ISLAMABAD    -   Conflicts and wars are the utmost realities of this world. World War II marked the historic transformation of the world order with the establishment of the global governance body, tasked primarily to promote cooperation and prevent future generations from the scourge of war. The United Nations (hereinafter UN), emerged as a successor to the League of Nations, as the latter failed to live up to its promise to prevent conflagrations. However, slowly and gradually, it appears that the UN is also moving towards the same fate.

The United Nations, like all bureaucratic bodies, has effectively failed to adapt to the changing scenario. It has been subjected to ample criticism for its mismanagement, red-tapism and corruption. Nonetheless, it is the structure of the UN that is inherently flawed. The UN’s only democratic organ, the General Assembly, is severely limited in its power. On the contrary, the pentarchy of the enforcement wing - the United Nation Security Council (UNSC), is all too powerful. A single vote of the permanent five of UNSC is worthy to turn down a whole resolution despite fullest support from the rest of the global community. Moreover, the judicial wing, the International Court of Justice (ICJ), itself lacks jurisdiction. The UN has thus become a global embodiment of maladministration, injustice and vested interests.

Under the UN’s watch, the world may have been protected from an all-out global catastrophe, but it has fundamentally fallen short of its primary objective which was to maintain peace. The UN is about to complete 75 years of its operation. The United Nation General Assembly (UNGA) recently held its 74th session under the title ‘Galvanizing multilateral efforts for poverty eradication, quality education, climate action and inclusion.’ Nonetheless, a theme that prevailed substantively was political conflicts; a glimpse of the past indeed.

While the genocides of Rwanda, Srebrenica, Cambodia and Darfur that flagged the UN’s incapacity in the past and still haunts it; the conflicts of Syria, Yemen, Afghanistan, Sudan, Myanmar, Palestine and Kashmir continue to portray its inefficiency to date. The re-emergence of the Kashmir conflict, the oldest conflict on the UN’s agenda, in 2019, is the prolific example of the UN’s incapability to resolve conflicts. From its initial reference to the UN in 1948, seventy-two years have passed, but the issue continues to lurk in dismay. The Himalayan region has been the major bone of contention between the South Asian neighbours - India and Pakistan, since the partition of the subcontinent. Two regular wars and one high intensity conflict in the form of Kargil (which brought the two closest to the nuclear threshold), have also taken place only because of this dispute.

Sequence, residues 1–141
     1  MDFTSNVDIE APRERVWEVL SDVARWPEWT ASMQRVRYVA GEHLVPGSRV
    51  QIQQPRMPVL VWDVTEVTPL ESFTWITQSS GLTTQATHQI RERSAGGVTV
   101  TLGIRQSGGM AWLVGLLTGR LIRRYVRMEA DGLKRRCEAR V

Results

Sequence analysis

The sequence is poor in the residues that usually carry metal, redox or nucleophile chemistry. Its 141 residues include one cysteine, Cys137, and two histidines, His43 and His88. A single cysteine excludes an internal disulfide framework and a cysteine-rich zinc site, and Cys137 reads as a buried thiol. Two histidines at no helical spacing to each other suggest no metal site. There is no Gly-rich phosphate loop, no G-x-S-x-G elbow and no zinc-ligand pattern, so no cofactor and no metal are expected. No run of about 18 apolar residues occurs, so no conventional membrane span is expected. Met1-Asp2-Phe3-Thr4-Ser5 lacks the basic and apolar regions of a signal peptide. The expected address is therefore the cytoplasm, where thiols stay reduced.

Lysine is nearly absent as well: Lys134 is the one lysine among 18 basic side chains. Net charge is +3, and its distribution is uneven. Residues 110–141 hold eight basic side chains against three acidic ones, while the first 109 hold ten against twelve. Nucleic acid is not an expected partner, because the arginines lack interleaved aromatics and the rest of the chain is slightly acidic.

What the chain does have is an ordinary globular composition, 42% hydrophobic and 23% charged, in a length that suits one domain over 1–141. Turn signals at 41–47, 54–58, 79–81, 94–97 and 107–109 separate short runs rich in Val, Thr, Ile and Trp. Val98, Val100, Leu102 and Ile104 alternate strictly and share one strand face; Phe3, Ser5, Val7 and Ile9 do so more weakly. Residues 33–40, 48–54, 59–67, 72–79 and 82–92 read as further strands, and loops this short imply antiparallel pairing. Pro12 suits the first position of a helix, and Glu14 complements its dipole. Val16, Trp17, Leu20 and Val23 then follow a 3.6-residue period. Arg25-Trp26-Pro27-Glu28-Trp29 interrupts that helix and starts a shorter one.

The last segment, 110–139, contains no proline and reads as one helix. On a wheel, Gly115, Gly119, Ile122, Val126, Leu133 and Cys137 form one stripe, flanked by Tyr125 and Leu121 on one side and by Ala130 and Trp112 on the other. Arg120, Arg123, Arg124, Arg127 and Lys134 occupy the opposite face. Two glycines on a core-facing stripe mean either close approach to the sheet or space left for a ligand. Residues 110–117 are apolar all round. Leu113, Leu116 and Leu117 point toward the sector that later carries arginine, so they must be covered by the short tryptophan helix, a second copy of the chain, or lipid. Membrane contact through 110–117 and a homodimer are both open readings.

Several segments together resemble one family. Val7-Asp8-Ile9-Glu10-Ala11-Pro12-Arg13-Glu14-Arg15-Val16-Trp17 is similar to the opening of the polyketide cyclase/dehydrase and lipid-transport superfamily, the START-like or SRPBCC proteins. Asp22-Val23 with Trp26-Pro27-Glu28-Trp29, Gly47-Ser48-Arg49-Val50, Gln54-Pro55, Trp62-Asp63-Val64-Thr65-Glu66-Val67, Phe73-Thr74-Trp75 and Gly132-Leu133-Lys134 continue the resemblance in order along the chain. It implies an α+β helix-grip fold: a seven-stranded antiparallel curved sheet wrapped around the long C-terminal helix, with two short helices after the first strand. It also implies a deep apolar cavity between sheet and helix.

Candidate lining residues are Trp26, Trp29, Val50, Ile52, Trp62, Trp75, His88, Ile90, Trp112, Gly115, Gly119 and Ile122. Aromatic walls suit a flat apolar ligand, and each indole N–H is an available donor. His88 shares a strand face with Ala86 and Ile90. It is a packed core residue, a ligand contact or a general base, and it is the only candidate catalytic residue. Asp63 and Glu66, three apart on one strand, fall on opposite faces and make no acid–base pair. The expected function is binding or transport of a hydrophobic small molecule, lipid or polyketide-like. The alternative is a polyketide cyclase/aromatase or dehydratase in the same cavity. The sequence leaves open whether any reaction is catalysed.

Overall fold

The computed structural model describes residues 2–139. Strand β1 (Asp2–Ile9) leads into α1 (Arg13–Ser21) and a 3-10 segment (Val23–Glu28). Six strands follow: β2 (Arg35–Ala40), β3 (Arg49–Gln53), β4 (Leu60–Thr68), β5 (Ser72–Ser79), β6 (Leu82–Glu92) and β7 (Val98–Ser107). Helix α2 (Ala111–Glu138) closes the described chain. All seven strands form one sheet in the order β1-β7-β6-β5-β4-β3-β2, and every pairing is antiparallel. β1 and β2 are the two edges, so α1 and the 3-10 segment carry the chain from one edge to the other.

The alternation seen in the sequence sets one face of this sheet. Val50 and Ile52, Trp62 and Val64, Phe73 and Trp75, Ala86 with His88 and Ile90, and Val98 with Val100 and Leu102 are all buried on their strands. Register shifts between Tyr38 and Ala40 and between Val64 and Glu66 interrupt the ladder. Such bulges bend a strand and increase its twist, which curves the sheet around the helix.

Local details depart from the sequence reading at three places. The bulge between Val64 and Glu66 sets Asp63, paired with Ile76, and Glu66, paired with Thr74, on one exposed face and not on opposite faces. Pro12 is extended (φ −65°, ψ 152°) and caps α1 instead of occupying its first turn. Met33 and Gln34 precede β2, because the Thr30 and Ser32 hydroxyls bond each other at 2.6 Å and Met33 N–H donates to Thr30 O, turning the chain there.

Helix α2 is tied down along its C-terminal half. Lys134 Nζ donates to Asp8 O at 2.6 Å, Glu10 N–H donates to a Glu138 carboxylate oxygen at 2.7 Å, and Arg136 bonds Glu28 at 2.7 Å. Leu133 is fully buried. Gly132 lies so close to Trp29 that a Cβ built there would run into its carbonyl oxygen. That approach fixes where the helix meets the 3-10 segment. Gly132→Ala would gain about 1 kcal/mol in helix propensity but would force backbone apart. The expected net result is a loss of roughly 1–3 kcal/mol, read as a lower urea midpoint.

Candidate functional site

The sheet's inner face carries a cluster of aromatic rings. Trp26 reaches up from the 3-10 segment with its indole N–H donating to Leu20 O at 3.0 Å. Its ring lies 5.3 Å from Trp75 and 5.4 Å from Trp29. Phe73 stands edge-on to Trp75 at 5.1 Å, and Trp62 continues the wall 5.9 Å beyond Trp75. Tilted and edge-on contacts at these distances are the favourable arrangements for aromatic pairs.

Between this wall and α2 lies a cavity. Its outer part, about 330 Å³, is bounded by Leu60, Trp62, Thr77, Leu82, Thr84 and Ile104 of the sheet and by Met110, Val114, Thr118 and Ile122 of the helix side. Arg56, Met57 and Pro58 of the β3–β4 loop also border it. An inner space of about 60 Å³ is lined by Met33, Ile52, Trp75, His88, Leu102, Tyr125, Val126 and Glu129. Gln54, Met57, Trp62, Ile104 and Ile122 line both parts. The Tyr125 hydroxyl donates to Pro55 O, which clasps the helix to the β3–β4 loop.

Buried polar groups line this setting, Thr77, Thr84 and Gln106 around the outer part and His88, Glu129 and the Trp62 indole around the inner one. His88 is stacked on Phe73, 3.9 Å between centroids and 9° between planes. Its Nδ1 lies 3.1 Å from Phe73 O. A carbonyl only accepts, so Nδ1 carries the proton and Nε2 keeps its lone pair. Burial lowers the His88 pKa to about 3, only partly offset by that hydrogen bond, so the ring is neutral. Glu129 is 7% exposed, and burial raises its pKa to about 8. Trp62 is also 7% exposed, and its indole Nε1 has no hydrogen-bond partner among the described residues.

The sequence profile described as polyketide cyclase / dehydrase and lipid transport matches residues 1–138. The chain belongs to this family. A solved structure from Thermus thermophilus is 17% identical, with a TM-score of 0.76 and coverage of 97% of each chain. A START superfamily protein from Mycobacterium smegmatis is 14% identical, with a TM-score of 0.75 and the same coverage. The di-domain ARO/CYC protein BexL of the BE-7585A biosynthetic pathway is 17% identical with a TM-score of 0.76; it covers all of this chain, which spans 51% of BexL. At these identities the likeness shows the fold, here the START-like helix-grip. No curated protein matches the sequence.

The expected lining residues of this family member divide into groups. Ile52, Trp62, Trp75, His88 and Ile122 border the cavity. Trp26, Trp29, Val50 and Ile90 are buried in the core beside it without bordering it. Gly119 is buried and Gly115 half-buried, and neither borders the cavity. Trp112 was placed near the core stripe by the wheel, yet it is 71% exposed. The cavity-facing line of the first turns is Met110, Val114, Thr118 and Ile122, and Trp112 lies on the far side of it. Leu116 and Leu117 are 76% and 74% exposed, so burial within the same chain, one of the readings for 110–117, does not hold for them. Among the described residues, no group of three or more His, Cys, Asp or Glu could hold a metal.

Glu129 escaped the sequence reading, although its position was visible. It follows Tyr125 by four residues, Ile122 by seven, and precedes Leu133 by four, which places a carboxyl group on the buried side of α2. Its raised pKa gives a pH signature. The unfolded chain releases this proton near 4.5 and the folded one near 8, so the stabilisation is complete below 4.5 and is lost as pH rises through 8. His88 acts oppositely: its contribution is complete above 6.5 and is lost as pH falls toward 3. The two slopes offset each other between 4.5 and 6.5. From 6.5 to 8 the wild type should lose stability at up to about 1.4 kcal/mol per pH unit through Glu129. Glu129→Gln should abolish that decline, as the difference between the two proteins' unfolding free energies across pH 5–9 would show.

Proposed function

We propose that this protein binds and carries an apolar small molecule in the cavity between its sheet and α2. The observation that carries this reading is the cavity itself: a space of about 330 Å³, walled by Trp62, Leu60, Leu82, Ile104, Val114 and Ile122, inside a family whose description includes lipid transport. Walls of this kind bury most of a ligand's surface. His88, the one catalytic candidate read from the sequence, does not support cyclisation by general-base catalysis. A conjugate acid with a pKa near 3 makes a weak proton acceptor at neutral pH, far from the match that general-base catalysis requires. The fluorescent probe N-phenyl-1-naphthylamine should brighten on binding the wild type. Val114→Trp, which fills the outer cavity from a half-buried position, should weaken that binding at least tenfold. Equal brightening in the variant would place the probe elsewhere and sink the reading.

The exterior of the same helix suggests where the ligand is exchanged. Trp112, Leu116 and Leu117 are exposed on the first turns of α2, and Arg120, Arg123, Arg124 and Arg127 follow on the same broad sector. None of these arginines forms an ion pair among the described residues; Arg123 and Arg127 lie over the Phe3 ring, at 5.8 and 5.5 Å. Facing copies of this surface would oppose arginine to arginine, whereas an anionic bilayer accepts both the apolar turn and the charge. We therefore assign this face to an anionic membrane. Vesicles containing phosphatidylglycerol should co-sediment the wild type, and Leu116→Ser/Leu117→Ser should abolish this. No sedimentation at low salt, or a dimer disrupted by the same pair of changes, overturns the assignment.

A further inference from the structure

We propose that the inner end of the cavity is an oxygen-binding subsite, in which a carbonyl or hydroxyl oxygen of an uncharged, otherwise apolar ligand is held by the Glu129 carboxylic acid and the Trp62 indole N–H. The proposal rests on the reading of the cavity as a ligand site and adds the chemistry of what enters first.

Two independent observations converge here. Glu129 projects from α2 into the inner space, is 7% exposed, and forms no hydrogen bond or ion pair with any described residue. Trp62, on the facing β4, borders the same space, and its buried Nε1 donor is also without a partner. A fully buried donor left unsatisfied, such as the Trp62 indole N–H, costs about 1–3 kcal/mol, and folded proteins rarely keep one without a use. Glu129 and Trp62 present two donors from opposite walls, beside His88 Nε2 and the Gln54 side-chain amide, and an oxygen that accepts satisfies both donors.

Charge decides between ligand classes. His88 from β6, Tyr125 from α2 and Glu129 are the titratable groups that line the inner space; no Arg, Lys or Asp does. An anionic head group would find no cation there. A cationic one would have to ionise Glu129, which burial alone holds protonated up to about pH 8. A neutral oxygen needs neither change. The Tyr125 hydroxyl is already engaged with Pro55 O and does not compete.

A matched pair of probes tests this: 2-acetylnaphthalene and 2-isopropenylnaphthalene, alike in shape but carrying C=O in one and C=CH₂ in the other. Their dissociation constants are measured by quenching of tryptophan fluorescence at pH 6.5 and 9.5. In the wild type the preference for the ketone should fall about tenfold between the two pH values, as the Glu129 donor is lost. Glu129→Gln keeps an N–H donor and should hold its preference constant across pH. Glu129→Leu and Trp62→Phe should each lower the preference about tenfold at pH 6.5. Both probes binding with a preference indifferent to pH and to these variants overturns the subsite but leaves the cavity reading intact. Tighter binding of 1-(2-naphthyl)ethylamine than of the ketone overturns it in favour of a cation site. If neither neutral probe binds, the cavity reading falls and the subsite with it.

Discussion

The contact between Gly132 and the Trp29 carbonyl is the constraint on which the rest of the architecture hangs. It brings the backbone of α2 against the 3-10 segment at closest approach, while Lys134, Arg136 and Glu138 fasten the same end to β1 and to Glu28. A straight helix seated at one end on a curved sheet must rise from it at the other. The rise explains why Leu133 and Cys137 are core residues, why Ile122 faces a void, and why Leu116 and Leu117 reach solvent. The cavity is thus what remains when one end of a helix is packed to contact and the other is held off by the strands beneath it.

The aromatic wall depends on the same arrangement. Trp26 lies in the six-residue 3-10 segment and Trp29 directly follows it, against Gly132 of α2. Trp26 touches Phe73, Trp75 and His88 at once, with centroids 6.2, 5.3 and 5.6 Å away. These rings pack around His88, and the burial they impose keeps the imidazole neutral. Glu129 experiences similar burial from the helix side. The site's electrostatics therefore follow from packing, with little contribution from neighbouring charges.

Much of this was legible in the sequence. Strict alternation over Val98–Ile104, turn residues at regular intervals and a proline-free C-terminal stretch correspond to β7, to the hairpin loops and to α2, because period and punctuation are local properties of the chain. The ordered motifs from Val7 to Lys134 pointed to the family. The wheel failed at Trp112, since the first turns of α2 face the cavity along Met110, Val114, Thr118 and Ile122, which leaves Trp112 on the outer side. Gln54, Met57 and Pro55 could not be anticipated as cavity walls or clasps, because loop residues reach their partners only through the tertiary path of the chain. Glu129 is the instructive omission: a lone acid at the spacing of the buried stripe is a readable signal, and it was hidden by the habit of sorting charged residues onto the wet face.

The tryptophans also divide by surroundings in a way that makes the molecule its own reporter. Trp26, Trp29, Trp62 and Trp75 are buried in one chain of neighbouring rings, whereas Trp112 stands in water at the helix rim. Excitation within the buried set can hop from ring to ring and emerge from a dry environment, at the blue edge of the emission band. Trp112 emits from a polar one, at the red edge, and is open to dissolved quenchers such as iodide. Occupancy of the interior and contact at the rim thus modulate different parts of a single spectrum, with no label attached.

The Kashmir issue has been raised in the UNSC under the question of threat to international peace and stability multiple times and has secured eleven Security Council resolutions, but the conflict is nowhere near being resolved. There is an observation that the very fact of the possibility of veto keeps resolutions out of discussion in the UNSC. Kashmir has also met the same fate. Since the Russian vetoing of Kashmir Resolution in 1962, the issue has not gathered the support it once held. The scores of resolutions against the Israeli occupation of Palestine which get stopped by the use of veto power by Israel’s key ally, the United States, is another crucial example.

Owing to the fact that that the UN has significantly become a reactive rather than a proactive body, one wonders what kind of catastrophe the UN is waiting for, to wake up from its slumber and play its due role. The situation in Indian Occupied Kashmir (IOK) keeps aggravating whereas the UN has intentionally chosen to remain anchored. The place has become the epitome of oppression as the Hindu nationalist government of Modi has turned the region into the prime human cage marred by a communication blackout and unprecedented human rights violations. It is the most militarised zone in the world with over 900,000 law enforcement and military personnel deployed in an area inhabited by only twelve million people; an ominous flouting of the UN Charter in every sense of the word.

The preview of the misfortune that can take place, and for which the UN also appears to be waiting, was hinted by the Prime Minister of Pakistan, when he addressed the UNGA, in the wake of current Indian actions in IOK. Quoting his exact words, ‘When a nuclear-armed country fights to the end, it will have consequences far beyond borders, it will have consequences for the world’ - an indication of the approaching doom, different from World War 2 in its partaking but much worse in terms of impact. Even if we theorise that the world or ‘We the People, can survive the nuclear winter followed by a fully-fledged nuclear war, as they did the volcanic winter of Toba, one thing that would not be surviving is the United Nations.

–The writer is a researcher at Centre for Aerospace and Security Studies. She can be reached at cass.thinkers@gmail.com